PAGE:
Lazy Musings from a Hammock in El Salvador
Today we spent the morning on a short run, then playing in the waves for a few hours. Then coffee, $1 papusas, and laying in a hammock. More serious athletes would have gone surfing, but the waves are almost too big to even swim in, let alone try to surf for absolute beginners. Camping is $5/night per person, and it would be possible to eat on about $10 - 15/day. So, if you camp, don't eat out much, don't travel, and don't have other expenses, on a nice beach in El Salvador one could realistically live for around $500/month.
Which is a roundabout way of getting to the point that Central America would be an easy place to get absorbed into for a long period of time, if you either love surfing or laying around. It's really beautiful here in El Tunco, safe and relaxed. It, like Lake Atitlan, would be a good place to finish that manuscript or contemplate that big life change.
Angel and I, to be honest, aren't great at either surfing or laying around, and don't have any major manuscripts in the works, so while we can appreciate the lifestyle for a few days, it's probably better that we're moving on relatively quickly - catching a bus to the port of La Union tomorrow, then Nicaragua on Friday. Then on through by bus over a couple of days to Costa Rica to meet our friends from CO, Annie and Jeason Murphy. Should be a fun time in the jungle!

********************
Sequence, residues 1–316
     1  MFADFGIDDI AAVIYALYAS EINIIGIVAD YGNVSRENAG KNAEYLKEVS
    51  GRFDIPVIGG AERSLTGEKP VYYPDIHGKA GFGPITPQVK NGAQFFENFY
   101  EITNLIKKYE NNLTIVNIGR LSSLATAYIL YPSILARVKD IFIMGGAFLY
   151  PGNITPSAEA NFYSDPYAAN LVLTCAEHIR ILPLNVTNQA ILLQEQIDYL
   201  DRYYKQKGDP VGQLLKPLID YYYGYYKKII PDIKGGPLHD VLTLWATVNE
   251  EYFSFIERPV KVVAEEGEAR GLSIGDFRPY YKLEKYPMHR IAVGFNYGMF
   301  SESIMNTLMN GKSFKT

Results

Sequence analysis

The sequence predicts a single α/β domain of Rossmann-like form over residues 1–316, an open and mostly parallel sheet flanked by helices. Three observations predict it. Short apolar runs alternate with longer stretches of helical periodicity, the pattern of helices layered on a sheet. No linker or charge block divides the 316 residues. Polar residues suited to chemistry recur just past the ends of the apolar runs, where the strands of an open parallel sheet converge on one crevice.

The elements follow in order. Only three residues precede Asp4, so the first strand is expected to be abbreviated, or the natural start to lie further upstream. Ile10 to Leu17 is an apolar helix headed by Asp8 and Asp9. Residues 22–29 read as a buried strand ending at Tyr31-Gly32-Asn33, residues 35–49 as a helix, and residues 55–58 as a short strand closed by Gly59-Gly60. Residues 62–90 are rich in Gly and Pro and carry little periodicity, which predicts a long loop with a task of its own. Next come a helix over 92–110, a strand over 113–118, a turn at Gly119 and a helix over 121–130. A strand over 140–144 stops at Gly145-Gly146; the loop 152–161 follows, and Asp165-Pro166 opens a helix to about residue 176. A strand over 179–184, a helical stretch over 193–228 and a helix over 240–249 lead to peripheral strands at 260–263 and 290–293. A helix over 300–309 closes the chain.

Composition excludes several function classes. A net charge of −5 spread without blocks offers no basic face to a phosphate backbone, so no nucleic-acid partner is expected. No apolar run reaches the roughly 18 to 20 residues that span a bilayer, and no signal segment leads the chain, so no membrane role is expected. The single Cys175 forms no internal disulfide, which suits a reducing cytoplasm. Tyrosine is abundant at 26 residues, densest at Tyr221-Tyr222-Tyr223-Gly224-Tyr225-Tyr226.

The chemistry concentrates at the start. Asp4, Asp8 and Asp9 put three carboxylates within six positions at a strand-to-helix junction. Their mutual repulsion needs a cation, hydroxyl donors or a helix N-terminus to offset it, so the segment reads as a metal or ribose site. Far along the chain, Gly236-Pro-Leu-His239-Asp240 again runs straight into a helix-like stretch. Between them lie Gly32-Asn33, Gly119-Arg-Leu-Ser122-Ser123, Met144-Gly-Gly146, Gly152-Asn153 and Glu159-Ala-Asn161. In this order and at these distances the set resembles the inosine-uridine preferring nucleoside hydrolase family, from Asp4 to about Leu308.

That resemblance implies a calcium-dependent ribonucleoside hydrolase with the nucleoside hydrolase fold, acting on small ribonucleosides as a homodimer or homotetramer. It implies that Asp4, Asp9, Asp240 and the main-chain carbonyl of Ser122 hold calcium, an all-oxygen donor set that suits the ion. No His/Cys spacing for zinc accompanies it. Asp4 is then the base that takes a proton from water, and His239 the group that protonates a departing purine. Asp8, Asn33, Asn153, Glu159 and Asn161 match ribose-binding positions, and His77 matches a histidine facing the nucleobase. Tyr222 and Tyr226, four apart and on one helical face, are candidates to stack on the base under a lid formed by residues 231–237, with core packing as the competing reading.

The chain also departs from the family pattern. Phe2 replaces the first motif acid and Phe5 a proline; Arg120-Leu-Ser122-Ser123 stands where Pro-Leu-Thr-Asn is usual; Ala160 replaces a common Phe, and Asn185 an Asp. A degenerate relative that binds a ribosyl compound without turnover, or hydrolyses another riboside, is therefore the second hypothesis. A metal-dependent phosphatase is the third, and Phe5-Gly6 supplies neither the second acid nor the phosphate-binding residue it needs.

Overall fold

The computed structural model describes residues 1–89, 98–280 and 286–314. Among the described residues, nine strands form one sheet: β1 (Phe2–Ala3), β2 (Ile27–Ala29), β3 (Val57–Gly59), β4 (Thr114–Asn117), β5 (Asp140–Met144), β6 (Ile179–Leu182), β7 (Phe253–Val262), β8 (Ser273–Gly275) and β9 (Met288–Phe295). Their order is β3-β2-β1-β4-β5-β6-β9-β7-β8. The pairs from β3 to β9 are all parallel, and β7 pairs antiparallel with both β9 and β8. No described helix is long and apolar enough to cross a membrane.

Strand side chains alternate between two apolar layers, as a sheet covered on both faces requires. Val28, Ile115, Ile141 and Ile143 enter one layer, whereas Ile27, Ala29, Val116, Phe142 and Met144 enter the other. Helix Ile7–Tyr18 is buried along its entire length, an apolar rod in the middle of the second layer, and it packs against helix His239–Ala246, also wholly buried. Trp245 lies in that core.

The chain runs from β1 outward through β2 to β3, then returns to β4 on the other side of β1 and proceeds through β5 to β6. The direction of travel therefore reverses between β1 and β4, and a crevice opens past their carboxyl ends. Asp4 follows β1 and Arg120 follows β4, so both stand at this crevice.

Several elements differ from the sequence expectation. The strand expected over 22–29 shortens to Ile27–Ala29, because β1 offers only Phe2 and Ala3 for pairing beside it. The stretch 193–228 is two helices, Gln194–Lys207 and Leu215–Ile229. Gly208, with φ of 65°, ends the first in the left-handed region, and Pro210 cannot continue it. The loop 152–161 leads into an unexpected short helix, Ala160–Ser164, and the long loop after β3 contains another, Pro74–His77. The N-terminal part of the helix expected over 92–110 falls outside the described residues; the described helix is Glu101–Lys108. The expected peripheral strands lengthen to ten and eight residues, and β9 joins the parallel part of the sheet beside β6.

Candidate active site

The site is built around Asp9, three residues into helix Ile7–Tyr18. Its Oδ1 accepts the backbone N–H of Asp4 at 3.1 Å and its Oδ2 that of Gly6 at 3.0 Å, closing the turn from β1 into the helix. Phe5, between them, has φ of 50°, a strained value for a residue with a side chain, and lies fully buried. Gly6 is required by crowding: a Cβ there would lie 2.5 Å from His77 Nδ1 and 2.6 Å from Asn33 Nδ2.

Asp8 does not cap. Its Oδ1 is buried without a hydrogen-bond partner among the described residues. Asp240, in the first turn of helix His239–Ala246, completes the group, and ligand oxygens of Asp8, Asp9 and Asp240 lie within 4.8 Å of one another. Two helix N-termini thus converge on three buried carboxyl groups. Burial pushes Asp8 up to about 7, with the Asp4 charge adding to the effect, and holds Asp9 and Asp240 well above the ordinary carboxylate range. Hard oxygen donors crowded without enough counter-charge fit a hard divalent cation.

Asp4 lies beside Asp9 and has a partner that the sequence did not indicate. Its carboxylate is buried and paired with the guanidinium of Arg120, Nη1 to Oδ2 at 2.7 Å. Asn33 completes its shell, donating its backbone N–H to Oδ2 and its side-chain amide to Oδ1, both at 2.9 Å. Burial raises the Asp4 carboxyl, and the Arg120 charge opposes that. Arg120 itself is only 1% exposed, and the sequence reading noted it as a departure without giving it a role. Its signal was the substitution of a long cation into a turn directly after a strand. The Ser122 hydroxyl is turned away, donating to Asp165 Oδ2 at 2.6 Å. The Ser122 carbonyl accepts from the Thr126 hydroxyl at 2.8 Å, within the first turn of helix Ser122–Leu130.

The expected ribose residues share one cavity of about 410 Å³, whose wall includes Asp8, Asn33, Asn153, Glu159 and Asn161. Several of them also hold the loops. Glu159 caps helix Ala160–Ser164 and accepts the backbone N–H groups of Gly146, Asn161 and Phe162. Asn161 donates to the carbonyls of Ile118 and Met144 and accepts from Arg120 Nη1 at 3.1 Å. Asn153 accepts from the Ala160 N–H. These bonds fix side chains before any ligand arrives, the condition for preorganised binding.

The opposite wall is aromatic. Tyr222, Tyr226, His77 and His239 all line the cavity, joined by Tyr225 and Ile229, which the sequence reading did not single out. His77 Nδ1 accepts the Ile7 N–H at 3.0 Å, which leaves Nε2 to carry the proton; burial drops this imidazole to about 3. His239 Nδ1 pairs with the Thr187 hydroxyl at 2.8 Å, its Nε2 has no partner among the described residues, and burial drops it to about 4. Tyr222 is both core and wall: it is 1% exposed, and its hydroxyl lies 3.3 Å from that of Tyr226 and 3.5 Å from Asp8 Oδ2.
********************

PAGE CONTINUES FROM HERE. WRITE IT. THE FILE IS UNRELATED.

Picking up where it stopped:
I'm glad the PCT taught us to appreciate the small luxuries like a clear sky, an available shower and warm food. If you are happy with that, it's cheap to travel. If not, it would be possible to blow a ton of money pretty much anywhere.
The economics of travel are interesting to immerse yourself in. Unemployment in C.A., for instance, is way cheaper than unemployment in the U.S. If you're waiting on seasonal labor, or have a period off between jobs, it makes good financial sense to fly to Lake Atitlan, rather than squandering your time and money in Cleveland or Tacoma. You can even take Spanish classes and still pay less than you would for rent on a one bedroom in a lot of American cities. Flights are only a couple hundred dollars. You know you want to do it.
But while you're there, stay and shop mainly with the locals. They need the money more than the guy who runs the party hostel or the Irish Pub. Plus they're usually more interesting.
C.A. travelers are similar to travelers every where. C.A. residents are similar to people everywhere (except Vegas, where the body snatchers have colonized). When you are a traveler, it is difficult to blame a person for sneaking into a country like the U.S., when their families barely get by with the essentials, and every day they see Westerners laying in hammocks finishing manuscripts for months at a time. And when they have few to no other good options for real improvement in their economic situation. When people immigrate and have no problem finding work, their peers will also immigrate. If the wealthy country would do something as simple as grant temporary work visas for seasonal, agricultural, and construction labor, my guess is that people would generally stop going illegally. (And the farms would have their labor without threat of fines. And the U.S. would know who is in the country and why...) It is much more expensive to pay a coyote than to buy a plane ticket and apply for a visa. The work is there. Who loses if we let people do it legally? When the work isn't there, people won't come.
Now that I have that off of my chest, I will conclude by saying that the beach is nice, but we are definitely mountain people. We need cool weather and a pretty view to climb to in order to feel normal. I'm already looking forward to Patagonia and the Andes!
Also, friends, don't elect any lunatics while we're gone.